"We think Sandy has done a great job of keeping himself in shape, and he's not going to have to play regularly. Sandy has been after me for two years to bring him back. I don't have to ask him how he feels about it."
Alomar had a .323 average with nine RBIs in 27 games for the Dodgers. The 19-year veteran suited up for the White Sox in 2001 and for 51 games in the 2002 season, before he was traded to Colorado. Alomar also returned to the White Sox in 2003 and 2004, having worked with every member of this team's vaunted starting rotation, except for Javier Vazquez.
The return of Alomar means the departure of Chris Widger, a popular clubhouse figure and valuable reserve during the 2005 World Series title run. The 10-year veteran was designated for assignment during a conversation with Williams shortly after the White Sox 5-0 victory over Texas on Sunday.
Widger would have understood the decision a little more clearly if it was based on his hitting, or lack thereof, as he carried a .184 average into Sunday and was hitless in his last 24 at-bats. It also could have been a decision based on Widger's handling of the pitchers, with the men on the mound having a 5.36 ERA during the 22 games he played. Widger was just 3-for-20 in throwing out would-be base stealers, although not all of that lack of success was his fault.
But in the end, Widger claimed those reasons were not used for the move. Instead, Widger was told that it was about his game preparation.
"If you want to tell me I'm a bad ballplayer, not good enough for your team, you aren't producing enough, I could take it," an emotional Widger said after being informed of the roster move. "But to tell me that I'm not trying, it's tough.
"I come in here after a game and all of a sudden I'm lazy? I just don't get it. Nothing was said about it before today."
When Williams told Widger of the reason questioned by the catcher, he also told Widger to talk to both pitching coach Don Cooper and hitting coach Greg Walker. Widger told the media that Cooper's lone complaint was that he was tough to find for a meeting or two they have at the beginning of each series, while Walker's problem, again according to Widger, was that he followed a different philosophy in preparing offensively for each game.
Widger admitted that he didn't take pregame flips in the cage, instead choosing to hit off a tee when everyone had cleared out. Widger said that he had heard a few comments along the way about not taking flips, but he also said that his approach was no different than last season, when he hit .241 with four home runs and 11 RBIs in 141 at-bats.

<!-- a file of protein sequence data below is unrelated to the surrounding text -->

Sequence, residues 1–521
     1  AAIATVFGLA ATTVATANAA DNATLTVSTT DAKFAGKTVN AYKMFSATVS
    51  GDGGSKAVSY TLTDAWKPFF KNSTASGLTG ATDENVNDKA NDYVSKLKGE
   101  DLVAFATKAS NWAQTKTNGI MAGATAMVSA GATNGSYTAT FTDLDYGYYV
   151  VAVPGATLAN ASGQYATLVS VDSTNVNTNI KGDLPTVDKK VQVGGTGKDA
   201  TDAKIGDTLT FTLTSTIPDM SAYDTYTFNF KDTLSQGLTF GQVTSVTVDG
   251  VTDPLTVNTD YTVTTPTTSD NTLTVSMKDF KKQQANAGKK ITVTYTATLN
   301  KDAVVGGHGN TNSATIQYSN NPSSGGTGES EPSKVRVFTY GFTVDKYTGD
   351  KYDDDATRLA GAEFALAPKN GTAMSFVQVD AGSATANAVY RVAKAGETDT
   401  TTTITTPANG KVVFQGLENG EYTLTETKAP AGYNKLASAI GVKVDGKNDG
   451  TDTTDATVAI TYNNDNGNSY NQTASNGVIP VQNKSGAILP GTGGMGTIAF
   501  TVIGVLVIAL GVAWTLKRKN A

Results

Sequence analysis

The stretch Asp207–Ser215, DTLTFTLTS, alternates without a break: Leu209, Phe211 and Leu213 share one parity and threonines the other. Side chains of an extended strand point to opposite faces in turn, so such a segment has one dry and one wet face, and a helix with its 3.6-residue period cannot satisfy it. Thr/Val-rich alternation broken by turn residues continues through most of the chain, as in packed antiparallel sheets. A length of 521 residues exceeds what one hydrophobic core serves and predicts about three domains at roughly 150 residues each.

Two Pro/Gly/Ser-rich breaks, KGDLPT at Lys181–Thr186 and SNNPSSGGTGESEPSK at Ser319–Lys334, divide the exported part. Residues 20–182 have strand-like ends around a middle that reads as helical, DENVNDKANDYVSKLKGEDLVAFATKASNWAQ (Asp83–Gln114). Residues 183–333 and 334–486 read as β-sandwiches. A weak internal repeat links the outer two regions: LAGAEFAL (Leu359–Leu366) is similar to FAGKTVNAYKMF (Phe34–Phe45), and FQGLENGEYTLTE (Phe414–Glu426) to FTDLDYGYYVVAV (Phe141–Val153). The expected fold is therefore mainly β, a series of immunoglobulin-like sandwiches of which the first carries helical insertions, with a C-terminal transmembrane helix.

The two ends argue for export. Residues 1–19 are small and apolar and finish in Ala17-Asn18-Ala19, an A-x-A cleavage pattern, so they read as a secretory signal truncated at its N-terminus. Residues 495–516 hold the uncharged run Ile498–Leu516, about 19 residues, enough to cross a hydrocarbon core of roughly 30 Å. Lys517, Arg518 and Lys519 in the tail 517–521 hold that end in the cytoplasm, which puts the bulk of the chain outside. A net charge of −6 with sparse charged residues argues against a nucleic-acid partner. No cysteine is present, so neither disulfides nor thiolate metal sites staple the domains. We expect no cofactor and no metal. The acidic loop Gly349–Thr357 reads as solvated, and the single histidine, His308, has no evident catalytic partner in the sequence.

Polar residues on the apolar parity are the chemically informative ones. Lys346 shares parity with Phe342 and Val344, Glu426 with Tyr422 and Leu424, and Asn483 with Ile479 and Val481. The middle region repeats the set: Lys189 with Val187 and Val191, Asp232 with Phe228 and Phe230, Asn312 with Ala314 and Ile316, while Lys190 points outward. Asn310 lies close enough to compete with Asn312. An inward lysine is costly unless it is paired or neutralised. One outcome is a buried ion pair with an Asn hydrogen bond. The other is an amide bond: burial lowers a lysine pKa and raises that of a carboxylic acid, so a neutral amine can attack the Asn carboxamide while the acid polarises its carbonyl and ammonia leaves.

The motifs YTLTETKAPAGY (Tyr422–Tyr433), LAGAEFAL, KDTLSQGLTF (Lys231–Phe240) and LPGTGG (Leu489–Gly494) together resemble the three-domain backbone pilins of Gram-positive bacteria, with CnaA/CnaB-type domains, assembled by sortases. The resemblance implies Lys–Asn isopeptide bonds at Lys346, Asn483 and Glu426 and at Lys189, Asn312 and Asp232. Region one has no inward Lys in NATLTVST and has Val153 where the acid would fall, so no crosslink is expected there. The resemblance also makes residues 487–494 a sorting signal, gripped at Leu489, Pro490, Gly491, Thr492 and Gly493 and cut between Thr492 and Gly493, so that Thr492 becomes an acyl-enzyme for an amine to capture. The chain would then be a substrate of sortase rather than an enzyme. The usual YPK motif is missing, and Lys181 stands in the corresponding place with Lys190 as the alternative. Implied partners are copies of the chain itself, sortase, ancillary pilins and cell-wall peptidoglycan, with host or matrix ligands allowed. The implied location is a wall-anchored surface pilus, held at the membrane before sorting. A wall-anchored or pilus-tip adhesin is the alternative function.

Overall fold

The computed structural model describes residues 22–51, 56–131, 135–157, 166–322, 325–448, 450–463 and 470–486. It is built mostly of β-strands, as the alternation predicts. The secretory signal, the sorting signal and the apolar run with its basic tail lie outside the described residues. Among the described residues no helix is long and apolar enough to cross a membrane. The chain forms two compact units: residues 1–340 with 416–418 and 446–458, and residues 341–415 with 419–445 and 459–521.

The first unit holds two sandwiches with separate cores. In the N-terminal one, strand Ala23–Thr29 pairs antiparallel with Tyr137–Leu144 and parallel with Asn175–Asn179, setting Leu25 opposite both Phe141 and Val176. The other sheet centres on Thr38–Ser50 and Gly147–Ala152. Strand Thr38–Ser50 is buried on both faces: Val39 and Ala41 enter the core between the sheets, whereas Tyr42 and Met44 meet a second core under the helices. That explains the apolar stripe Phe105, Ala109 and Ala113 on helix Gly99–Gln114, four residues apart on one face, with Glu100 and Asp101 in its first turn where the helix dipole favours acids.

"Last year was good and this year, it's not," Widger said. "That's what happens when there's a difference between being 10 games up and being in second place. When you are not in first place, all those little things aren't overlooked anymore."
"That's baseball and a bad part about it, the down part of the business," added White Sox starting catcher A.J. Pierzynski, who worked as close with Widger as any other player on the roster. "I thought he had done a good job the last couple of years, but obviously some people didn't."
While it might sound as if Widger departed with a fair share of animosity, the classy 35-year-old catcher had nothing but good wishes for the organization. He gave Williams and the team credit for giving him a chance in 2005, when he was a non-roster invitee to Spring Training, coming off being away from organized baseball for a year. During that 2004 respite, Widger played in a men's softball league in New Jersey and for an unaffiliated Atlantic League team known as the Camden Riversharks.
One year later, Widger had a World Series ring and thought he had found the place he would play out his career.
"Emotionally, you get attached to some guys because you are with them day in and day out," said Jon Garland, Sunday's winning pitcher, of Widger. "They become your brother, your family. To see someone like him go, it's a big loss in the clubhouse. He's a great person. He can talk to anyone about anything, and he helps a lot of people out in different ways."
"I played with the best group of guys I ever played with, probably the best clubhouse I've ever been a part of," Widger added. "I wish them the best of luck. I love these guys. They gave me a chance to come back and win a World Series ring."
Widger's move, along with reliever Cliff Politte being designated for assignment last weekend in New York, removed two popular forces from the White Sox drive to repeat in 2006. It also sent a message, of sorts, that the White Sox are not taking lightly this recent 3-9 stretch and 2-7 record since the All-Star break.
Last year's championship was one of the most memorable experiences in Chicago sports history. Williams will be adjusting things this week to make sure the title wasn't a once-in-a-lifetime sort of celebration.
"In terms of the particulars about it, I really don't think it's fair to Chris, who helped us win a World Series, to get into it," Williams said. "As much as there's a part of me that wants to hold on to [last year], it's time to let it go -- particularly with what has transpired the last week. It's time to upgrade wherever we can."
This upgrade concept is not foreign to Widger. His only complaint is about the explanation behind the decision.
"Right now, I'm not sure what else to say," Widger said. "I go out there to play hard every day, and I didn't see it coming. It caught me by surprise."